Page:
Objective: To assess the efficacy of Chiropractic spinal manipulative therapy (SMT) in the treatment of migraine.
Design: A prospective clinical trial of twelve months duration. The trial consisted of 3 stages: two month pre-treatment, two month treatment, and two months post treatment. Comparison of outcomes to the initial baseline factors was made and also 6 months after the cessation of the study.
Setting: Chiropractic Research Centre of Macquarie University.
Participants: Thirty two volunteers, between the ages of 20 to 65 were recruited through media advertising. The diagnosis of migraine was based on a self reported detailed questionnaire, with minimum of one migraine per month.
Interventions: Two months of chiropractic SMT at vertebral fixations determined by the practitioner, through orthopedic and chiropractic testing.
Main Outcome Measures: Participants completed diaries during the entire trial noting the frequency, intensity (visual analogue score), duration, disability, associated symptoms and use of medication for each migraine episode.
Results: The initial 32 participants showed statistically significant (p < 0.05) improvement in migraine frequency, VAS, disability, and medication use, when compared to initial baseline levels. A further assessment of outcomes after a six month follow up (based on 24 participants), continued to show statistically significant improvement in migraine frequency (p < 0.005), VAS (p < 0.01), disability (p < 0.05), and medication use (p < 0.01), when compared to initial baseline levels.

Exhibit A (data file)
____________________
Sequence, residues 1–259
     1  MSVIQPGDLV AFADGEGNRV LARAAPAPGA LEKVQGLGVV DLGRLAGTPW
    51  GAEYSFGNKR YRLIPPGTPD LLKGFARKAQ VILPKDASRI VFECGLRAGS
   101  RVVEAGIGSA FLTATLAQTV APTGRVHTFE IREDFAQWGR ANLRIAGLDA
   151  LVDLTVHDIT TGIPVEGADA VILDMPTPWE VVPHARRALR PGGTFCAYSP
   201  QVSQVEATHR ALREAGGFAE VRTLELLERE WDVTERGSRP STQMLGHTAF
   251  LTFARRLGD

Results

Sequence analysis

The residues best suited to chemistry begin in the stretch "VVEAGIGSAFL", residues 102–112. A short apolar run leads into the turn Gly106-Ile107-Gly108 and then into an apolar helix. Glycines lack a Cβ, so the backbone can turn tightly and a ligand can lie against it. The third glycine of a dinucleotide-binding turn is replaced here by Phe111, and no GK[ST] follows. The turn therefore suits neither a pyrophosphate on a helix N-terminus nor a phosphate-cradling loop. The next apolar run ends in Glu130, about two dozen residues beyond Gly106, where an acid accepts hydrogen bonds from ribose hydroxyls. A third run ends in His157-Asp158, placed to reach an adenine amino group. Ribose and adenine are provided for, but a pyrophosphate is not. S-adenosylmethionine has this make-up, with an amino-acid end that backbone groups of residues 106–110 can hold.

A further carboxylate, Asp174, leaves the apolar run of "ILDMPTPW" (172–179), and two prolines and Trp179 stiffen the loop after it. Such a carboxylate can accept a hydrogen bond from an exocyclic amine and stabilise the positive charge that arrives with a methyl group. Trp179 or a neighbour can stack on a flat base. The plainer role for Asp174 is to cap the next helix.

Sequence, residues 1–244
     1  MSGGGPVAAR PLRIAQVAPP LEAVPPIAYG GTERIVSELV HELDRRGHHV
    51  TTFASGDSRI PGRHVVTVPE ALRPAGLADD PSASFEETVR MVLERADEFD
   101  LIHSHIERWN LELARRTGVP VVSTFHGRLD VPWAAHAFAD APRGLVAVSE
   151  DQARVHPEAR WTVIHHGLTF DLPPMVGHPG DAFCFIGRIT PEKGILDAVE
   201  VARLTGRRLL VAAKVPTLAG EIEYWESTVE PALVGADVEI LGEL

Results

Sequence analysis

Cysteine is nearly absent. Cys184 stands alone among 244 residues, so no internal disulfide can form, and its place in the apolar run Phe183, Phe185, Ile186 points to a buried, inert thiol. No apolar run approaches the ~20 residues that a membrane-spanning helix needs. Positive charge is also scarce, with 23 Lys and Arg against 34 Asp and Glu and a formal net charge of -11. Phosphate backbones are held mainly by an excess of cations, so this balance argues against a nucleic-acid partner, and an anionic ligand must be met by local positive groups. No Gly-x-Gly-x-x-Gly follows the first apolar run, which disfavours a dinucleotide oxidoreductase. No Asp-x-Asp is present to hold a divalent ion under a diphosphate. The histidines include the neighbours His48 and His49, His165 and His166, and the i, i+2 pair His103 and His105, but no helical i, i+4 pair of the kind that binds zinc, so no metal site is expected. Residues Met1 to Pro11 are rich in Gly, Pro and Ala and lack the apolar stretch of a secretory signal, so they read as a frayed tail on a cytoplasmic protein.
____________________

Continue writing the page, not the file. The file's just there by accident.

In addition, information was collected regarding any changes in neck pain following chiropractic SMT. The results indicated that 14 participants (58%) reported no increase in neck pain as a consequence of the two months of SMT. Five participants (21%) reported a slight increase, three participants (13%) reported mild pain, and two participants (8%) reported moderate pain.
Conclusion: The results of this study support the hypothesis that Chiropractic SMT is an effective treatment for migraine, in some people. However, a larger controlled study is required.